BlackBerry says it met all obligations to employees at centre of class action
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OTTAWA — BlackBerry says it has met all of its obligations to employees who allege in a proposed class-action lawsuit that they lost severance entitlements after being transferred to another employer.
In a statement of claim on behalf of more than 300 former BlackBerry employees, an Ottawa law firm says BlackBerry (TSX:BB) has stated the transfer was "not a sale of business," meaning the employees will lose all of their years of service entitlements without any compensation.
The claim filed by Nelligan O'Brien Payne contends the smartphone software company structured the transfer to circumvent paying such entitlements.
The allegations in the statement of claim have not been proven in court.
BlackBerry says it reviewed the claims and is confident it complied with all of its obligations to its employees.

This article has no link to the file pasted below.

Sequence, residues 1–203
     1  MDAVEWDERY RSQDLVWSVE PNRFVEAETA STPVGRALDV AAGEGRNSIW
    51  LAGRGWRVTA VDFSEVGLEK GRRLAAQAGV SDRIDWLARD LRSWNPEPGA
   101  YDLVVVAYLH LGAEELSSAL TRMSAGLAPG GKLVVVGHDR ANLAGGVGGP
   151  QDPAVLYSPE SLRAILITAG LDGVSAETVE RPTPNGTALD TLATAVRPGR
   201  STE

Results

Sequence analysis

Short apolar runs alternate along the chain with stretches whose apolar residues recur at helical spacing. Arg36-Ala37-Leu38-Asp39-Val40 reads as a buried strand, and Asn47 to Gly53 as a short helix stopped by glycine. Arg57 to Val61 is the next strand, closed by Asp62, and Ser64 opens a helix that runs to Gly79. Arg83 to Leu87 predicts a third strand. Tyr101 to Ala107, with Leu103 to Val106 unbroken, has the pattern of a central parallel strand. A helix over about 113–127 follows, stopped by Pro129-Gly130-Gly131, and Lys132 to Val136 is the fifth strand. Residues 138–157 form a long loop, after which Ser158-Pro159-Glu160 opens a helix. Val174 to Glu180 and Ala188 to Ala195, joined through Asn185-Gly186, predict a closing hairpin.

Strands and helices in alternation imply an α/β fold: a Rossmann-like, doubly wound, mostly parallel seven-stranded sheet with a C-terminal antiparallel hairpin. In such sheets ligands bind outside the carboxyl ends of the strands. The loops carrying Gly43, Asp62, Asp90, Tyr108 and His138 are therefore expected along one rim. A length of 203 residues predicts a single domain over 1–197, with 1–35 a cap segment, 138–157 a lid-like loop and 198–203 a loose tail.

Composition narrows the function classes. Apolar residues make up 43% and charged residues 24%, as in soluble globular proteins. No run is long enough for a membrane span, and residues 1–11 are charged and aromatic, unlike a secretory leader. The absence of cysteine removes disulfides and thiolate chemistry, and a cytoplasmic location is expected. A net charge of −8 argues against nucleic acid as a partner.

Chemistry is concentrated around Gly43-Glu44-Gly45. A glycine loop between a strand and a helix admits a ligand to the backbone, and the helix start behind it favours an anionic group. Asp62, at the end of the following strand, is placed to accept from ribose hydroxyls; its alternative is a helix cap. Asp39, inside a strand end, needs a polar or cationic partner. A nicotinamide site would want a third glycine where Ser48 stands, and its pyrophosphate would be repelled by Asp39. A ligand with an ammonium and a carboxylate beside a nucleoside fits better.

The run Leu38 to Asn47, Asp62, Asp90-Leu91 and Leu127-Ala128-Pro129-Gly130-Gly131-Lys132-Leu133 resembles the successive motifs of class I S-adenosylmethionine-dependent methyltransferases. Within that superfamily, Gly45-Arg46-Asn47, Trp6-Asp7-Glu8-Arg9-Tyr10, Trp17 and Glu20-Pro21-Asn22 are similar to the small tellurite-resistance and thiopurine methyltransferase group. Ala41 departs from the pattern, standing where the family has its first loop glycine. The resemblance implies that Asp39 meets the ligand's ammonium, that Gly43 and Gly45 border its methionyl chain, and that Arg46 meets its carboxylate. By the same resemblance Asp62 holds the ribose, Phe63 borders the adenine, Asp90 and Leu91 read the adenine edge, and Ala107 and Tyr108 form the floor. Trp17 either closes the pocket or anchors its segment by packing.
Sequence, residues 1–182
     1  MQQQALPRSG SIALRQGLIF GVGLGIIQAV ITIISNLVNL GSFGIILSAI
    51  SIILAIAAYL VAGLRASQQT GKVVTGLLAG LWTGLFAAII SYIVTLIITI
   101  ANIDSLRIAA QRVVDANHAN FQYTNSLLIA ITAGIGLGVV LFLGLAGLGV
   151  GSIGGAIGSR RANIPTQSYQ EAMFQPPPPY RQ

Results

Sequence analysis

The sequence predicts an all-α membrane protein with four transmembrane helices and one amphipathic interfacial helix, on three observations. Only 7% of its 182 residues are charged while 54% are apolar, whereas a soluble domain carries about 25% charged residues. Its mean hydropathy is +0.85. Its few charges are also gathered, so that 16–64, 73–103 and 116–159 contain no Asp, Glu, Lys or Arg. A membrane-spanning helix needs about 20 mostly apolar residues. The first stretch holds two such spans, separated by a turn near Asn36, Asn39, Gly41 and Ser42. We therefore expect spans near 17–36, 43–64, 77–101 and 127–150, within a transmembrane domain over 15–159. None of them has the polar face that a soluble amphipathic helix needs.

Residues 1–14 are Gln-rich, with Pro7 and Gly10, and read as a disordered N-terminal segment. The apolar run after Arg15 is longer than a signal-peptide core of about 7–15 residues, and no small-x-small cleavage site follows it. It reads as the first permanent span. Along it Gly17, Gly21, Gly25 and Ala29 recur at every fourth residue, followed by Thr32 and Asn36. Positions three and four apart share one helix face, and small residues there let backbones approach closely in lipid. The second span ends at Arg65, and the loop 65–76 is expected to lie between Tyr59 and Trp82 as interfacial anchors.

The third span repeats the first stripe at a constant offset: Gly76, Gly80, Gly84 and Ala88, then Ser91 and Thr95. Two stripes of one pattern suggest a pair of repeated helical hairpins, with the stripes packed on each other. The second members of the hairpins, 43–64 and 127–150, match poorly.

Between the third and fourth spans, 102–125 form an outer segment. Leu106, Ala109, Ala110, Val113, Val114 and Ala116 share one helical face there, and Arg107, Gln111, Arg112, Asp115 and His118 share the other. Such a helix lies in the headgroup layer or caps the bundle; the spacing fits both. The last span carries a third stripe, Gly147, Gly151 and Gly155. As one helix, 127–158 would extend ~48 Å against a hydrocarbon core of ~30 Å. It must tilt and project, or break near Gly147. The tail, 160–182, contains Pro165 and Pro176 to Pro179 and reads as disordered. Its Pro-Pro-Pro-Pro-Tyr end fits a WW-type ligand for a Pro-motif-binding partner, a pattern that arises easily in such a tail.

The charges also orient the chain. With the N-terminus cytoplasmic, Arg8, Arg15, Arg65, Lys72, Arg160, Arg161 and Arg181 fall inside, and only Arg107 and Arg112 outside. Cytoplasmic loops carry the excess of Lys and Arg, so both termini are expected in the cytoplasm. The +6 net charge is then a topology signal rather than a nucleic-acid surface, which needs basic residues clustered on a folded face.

"Therefore, we believe the case lacks merit and we will defend against it vigorously," a company spokeswoman said in an email statement.
The class-action statement of claim, which has yet to be certified, says BlackBerry "knowingly misled" the employees transferred to Ford Motor Company of Canada and breached its duties of good faith and honesty.
"BlackBerry's actions, taken as a whole, amount to a termination of the BlackBerry employees' employment, entitling them to their statutory, common law and/or contractual entitlements on termination," it said.
The lawsuit is seeking more than $20 million in lost severance entitlements and bad faith and punitive damages.
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